Pacific

Countries:
Australia | Fiji | Kiribati | Nauru | New Zealand | Papua New Guinea | Samoa | Solomon Islands | Tonga | Tuvalu | Vanuatu

Commonwealth economies in Asia and Pacific

 

By the end of 2010, inward FDI stock in all Asian member states, namely Bangladesh, Brunei Darussalam, India, Maldives, Malaysia, Pakistan, Singapore and Sri Lanka, stood at US$813 billion, accounting for almost one-fourth of the Commonwealth total. The largest three FDI recipients were Singapore (with FDI stock of US$470 billion), India (US$198 billion) and Malaysia (US$101 billion). By contrast, inward FDI stock in the nine Pacific member states was merely US$5 billion, with Fiji and Papua New Guinea being the major recipients.

Inflows into Asian Commonwealth countries surged from 2003, reaching a peak of US$78 billion in 2007.  FDI increases during 2004-2007 were particularly significant in India and Pakistan, which registered an average annual growth rate of 64 per cent and 83 per cent respectively, as well as in Malaysia and Singapore, which each saw an average growth rate of 41 per cent. In India, for instance, the FDI surge in the mid-2000s was driven by robust economic growth, an improved investment climate and a further opening up of service industries such as telecommunications, real estate and retail. In Pakistan, inflows rose mainly as a result of privatisation in the services and extractive industries.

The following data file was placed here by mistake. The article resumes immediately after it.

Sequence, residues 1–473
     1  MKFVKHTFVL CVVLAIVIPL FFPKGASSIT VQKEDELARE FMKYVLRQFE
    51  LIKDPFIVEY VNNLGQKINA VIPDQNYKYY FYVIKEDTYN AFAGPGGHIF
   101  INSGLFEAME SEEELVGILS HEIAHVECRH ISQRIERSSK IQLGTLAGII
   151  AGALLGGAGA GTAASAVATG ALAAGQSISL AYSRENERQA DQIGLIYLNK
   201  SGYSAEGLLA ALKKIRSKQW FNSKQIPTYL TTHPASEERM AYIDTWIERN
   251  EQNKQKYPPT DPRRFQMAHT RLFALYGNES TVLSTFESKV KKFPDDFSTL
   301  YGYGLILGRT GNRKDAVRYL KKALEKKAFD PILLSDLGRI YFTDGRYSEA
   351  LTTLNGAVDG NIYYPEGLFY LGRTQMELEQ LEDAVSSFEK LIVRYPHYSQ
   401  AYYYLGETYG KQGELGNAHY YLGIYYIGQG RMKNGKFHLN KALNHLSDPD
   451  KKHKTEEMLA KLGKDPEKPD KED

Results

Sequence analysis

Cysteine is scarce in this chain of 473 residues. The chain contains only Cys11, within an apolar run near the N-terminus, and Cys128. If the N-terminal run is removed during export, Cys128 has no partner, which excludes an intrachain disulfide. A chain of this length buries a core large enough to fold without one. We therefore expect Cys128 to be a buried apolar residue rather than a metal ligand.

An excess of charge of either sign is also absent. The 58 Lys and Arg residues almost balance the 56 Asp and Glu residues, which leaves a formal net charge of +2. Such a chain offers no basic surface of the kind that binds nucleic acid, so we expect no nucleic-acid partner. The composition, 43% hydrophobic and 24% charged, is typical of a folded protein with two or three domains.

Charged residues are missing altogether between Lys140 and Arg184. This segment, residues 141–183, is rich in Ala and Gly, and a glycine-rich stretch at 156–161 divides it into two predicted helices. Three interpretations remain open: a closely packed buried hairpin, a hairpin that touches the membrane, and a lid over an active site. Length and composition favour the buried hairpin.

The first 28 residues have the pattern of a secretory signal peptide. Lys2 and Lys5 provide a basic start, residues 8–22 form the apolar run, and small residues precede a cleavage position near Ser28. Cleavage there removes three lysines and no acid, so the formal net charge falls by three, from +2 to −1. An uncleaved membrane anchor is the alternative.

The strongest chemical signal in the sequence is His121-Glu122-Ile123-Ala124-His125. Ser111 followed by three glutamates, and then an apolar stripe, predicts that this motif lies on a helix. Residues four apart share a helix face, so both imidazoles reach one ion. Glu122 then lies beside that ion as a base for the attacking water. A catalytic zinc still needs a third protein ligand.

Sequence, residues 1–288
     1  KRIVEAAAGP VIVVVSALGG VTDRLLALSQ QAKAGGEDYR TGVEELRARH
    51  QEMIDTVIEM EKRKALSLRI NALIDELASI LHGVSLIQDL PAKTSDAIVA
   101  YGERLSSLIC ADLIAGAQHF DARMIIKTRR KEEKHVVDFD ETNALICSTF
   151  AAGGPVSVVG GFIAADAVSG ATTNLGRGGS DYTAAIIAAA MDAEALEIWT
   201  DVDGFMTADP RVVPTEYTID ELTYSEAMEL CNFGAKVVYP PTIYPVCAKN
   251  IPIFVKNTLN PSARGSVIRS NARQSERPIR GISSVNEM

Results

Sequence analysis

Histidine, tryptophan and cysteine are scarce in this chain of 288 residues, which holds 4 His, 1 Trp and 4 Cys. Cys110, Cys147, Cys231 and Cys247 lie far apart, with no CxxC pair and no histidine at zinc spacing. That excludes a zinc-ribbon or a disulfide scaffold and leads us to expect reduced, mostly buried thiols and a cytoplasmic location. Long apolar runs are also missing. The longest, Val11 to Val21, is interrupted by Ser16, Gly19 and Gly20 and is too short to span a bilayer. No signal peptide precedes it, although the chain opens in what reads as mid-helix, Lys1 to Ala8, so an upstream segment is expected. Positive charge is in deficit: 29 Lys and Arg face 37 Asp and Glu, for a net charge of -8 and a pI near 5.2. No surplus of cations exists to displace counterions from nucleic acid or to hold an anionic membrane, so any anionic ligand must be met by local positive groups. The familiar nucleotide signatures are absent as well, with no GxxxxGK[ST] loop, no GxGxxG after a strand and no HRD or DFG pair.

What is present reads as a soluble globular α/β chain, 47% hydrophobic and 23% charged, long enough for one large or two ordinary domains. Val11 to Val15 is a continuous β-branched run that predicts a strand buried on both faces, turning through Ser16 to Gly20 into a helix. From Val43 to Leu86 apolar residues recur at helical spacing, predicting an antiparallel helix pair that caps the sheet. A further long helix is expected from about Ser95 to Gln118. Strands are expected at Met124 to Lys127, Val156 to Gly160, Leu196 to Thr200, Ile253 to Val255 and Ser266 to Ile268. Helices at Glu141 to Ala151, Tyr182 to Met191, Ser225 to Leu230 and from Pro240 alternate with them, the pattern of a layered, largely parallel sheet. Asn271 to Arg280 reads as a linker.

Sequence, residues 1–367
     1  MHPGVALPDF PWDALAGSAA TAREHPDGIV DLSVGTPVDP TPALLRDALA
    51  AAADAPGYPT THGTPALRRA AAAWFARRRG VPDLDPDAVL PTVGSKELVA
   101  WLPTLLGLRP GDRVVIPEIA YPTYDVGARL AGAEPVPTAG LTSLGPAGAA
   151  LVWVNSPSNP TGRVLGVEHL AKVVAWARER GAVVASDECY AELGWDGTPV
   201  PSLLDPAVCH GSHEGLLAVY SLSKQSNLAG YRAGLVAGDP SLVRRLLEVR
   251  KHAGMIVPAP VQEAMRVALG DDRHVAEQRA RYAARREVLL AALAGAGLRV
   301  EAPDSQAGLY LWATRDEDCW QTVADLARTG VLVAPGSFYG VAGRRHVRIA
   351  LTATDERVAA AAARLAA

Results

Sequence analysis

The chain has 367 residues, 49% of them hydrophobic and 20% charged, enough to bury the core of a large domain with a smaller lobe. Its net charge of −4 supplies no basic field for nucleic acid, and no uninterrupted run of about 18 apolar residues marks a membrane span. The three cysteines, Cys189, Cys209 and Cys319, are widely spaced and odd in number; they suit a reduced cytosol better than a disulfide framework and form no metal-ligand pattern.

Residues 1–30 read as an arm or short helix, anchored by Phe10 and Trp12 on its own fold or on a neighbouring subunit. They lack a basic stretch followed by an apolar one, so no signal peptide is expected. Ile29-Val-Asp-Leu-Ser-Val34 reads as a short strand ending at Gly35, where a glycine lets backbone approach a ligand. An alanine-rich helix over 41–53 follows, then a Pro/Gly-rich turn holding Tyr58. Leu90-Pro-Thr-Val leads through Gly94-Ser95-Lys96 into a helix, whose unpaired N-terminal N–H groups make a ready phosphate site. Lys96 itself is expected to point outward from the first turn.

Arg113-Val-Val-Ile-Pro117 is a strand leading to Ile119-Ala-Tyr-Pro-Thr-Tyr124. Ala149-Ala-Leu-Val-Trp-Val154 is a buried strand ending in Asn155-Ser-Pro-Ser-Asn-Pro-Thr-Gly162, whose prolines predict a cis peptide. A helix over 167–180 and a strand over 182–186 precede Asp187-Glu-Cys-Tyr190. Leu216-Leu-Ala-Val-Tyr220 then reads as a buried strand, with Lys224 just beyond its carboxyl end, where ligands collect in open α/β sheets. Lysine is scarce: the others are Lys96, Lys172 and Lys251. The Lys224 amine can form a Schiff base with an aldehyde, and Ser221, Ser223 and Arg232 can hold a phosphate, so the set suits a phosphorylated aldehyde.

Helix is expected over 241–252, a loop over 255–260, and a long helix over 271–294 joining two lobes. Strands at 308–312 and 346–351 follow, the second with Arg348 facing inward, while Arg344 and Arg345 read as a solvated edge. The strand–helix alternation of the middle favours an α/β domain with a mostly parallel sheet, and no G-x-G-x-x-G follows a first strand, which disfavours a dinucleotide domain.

FDI inflows to these countries declined in 2008-2009, but recovered to US$76 billion in 2010. However, the largest recipient countries differ in trends: while inflows to Malaysia and Singapore boomed in 2010, those to India dropped by 31 per cent. The setback in the latter was partly due to macroeconomic concerns, as well as to delays in the approval of large FDI projects.